“I applied and didn’t think I’d get it and then I did – it’s been completely life changing,” he says. “It’s allowed me to live at Forrest Hall and it’s been fantastic having access to all the resources the scholarship provides to conduct our research. I feel incredibly lucky.”
And for the future? So far, Liam’s calculations have produced data for over 58,000 possible reactions in electron collisions with molecules of hydrogen and its isotopes, the most comprehensive and accurate dataset of its kind ever produced.
He’s designed an online database (mccc-db.org) to make those results freely available to scientists worldwide, and with the support of the Forrest Research Foundation has promoted the research in numerous national and international forums.
The molecular collisions he models are fundamental processes that play a major role in a diverse range of fields including energy production, medicine and astrophysics. But the area he’s most excited about is nuclear fusion, and his research into electron-molecule collisions is already being used in one of the largest scientific projects in the world, the €20 billion International Thermonuclear Experimental Reactor (ITER) in France.
“Our calculations are being used to construct models for the plasmas which will be present in the ITER fusion reactor,” he explains. “These models will be used to perform vital diagnostics and improve the performance of the heating and waste-removal systems in the reactor.”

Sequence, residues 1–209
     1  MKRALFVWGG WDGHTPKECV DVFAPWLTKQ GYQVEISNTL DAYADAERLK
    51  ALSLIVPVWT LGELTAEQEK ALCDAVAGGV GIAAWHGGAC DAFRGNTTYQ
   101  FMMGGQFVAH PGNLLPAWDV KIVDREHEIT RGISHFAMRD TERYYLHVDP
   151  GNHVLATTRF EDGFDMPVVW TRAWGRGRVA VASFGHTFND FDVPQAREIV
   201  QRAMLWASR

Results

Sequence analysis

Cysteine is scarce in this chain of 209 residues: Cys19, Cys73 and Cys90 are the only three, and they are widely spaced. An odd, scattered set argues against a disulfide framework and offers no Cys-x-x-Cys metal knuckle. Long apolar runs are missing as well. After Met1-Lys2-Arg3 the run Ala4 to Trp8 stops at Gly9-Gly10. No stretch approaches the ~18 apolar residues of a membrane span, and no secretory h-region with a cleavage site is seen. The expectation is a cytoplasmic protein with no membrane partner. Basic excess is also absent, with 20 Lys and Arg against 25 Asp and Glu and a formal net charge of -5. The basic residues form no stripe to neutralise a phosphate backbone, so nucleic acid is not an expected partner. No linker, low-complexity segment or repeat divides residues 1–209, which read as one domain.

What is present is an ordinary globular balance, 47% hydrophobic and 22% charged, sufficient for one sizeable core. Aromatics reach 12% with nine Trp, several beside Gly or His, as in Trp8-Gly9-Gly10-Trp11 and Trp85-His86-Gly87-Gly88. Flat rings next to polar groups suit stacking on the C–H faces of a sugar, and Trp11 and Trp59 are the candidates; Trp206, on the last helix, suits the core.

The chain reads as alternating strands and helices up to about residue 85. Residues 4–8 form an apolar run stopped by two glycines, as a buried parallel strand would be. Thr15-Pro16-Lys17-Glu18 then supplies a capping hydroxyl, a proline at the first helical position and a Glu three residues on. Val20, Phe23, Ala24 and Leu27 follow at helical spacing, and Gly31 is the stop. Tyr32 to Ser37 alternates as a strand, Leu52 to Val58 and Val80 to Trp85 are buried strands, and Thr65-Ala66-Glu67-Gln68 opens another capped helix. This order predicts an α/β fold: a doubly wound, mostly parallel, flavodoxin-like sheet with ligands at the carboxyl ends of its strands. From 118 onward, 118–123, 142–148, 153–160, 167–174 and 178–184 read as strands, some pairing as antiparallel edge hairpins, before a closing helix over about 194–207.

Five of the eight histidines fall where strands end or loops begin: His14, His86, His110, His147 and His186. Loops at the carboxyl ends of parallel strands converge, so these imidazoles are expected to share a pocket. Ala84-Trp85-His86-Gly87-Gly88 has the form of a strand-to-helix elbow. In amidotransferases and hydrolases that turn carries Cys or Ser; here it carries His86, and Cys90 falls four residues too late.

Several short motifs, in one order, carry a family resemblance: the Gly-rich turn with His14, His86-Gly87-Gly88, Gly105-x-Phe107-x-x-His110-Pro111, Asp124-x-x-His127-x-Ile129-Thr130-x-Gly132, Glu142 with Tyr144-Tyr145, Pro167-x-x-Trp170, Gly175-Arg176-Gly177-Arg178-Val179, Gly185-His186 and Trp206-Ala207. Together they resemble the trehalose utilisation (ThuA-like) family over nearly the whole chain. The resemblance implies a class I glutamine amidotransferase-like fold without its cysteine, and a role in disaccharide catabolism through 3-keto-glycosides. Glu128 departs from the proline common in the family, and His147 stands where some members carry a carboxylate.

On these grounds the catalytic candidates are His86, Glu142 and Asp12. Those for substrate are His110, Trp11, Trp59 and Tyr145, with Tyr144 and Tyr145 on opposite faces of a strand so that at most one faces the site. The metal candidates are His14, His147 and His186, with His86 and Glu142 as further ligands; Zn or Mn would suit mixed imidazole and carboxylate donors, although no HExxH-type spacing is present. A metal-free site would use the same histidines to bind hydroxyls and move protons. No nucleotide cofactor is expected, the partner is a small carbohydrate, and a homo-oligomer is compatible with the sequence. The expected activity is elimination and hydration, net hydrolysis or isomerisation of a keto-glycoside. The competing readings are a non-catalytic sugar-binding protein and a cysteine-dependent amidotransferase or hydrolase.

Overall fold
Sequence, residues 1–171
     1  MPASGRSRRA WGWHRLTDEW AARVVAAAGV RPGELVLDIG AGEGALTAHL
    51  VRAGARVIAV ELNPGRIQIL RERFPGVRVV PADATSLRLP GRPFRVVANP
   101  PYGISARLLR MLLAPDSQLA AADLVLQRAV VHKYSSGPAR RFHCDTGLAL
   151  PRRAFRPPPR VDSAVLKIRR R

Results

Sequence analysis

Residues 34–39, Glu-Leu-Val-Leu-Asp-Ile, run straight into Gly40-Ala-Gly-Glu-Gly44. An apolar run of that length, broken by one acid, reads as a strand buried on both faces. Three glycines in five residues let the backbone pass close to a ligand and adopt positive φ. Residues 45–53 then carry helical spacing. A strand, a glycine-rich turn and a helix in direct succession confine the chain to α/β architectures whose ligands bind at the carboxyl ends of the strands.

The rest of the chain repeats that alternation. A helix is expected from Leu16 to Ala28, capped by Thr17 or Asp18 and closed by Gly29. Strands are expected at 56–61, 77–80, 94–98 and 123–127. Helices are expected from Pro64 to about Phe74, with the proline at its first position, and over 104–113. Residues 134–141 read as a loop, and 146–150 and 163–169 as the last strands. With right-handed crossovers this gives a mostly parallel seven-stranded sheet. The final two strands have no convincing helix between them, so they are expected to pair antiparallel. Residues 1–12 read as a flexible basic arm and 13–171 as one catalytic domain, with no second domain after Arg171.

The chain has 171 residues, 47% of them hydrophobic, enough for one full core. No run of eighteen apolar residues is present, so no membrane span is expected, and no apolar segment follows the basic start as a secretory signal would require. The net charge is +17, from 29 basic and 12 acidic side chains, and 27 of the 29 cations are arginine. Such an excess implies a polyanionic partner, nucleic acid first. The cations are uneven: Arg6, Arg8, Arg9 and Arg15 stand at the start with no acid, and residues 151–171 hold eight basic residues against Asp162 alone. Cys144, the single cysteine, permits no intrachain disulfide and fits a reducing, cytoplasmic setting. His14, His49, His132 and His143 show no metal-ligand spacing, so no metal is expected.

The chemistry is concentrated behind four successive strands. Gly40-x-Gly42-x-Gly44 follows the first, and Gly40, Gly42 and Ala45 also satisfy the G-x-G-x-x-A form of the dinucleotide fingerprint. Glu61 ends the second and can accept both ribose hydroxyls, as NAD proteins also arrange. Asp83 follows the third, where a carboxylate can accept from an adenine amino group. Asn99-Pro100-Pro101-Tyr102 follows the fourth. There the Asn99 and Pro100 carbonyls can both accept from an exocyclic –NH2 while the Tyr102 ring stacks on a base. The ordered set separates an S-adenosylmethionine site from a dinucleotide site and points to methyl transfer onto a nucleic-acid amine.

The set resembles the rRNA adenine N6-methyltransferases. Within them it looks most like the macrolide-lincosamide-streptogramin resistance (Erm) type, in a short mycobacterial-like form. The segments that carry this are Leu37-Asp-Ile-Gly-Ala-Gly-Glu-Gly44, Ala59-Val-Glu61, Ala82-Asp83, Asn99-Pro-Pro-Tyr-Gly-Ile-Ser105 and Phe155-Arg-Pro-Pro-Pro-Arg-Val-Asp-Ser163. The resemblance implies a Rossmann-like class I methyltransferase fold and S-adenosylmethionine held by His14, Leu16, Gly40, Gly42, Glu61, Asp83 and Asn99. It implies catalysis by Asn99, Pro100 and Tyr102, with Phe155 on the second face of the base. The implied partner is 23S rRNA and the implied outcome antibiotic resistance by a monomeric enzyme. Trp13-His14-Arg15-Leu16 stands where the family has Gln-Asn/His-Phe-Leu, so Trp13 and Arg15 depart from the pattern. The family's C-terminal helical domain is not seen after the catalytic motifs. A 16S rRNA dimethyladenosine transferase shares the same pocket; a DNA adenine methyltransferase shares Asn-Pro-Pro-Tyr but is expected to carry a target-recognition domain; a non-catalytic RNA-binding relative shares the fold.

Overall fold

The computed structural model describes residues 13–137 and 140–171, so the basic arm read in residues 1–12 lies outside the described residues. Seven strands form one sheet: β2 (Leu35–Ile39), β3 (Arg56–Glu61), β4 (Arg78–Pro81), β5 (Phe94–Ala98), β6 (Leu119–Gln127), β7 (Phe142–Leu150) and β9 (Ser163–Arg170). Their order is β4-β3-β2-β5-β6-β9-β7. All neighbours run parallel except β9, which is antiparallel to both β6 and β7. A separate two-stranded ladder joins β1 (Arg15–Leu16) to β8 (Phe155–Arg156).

Scientists at the Max-Planck Institute for Plasma Physics (IPP) described the modelling made possible by Liam’s research as “a great step forward that we were awaiting for many years”. The collaboration between the IPP and WA will result in the world’s first ever complete collisional-radiative model for molecular species in fusion plasmas.
Pretty good going for a young man who wasn’t even sure he liked science back in secondary school.
The future and a strumming guitar
All thoughts now are on the ITER experiment. “Once it’s completed, it will be the largest magnetic-confinement nuclear fusion experiment in the world,” Liam says. “Fusion reactors will be able to provide a safe and virtually limitless source of energy with no long-lived radioactive waste or carbon emissions.
“It’s a much safer alternative to the fission reaction utilised in present-day nuclear power where, as everyone knows, there’ve been some very famous examples of runaway chain reactions. One of the benefits of the fusion process is that runaway chain reactions are impossible, making it much safer.”
Liam says with more than 20 countries contributing, the ultimate aim is to demonstrate the feasibility of nuclear fusion energy, paving the way for the next generation of fusion reactors to be used for power production.
But he says, while COVID-19 has meant much more time working from home alongside partner Katie and the couple’s cat Priscilla, he’s also conscious that life can’t be 100 per cent numbers and calculations.
“Yes, I spend a lot of my time working on physics, but that’s not to say we don’t love stepping outside and taking some meandering walks along the river. And very occasionally I do pick up my guitar and strum a few tunes.”
That early love of music, it seems, hasn’t completely disappeared.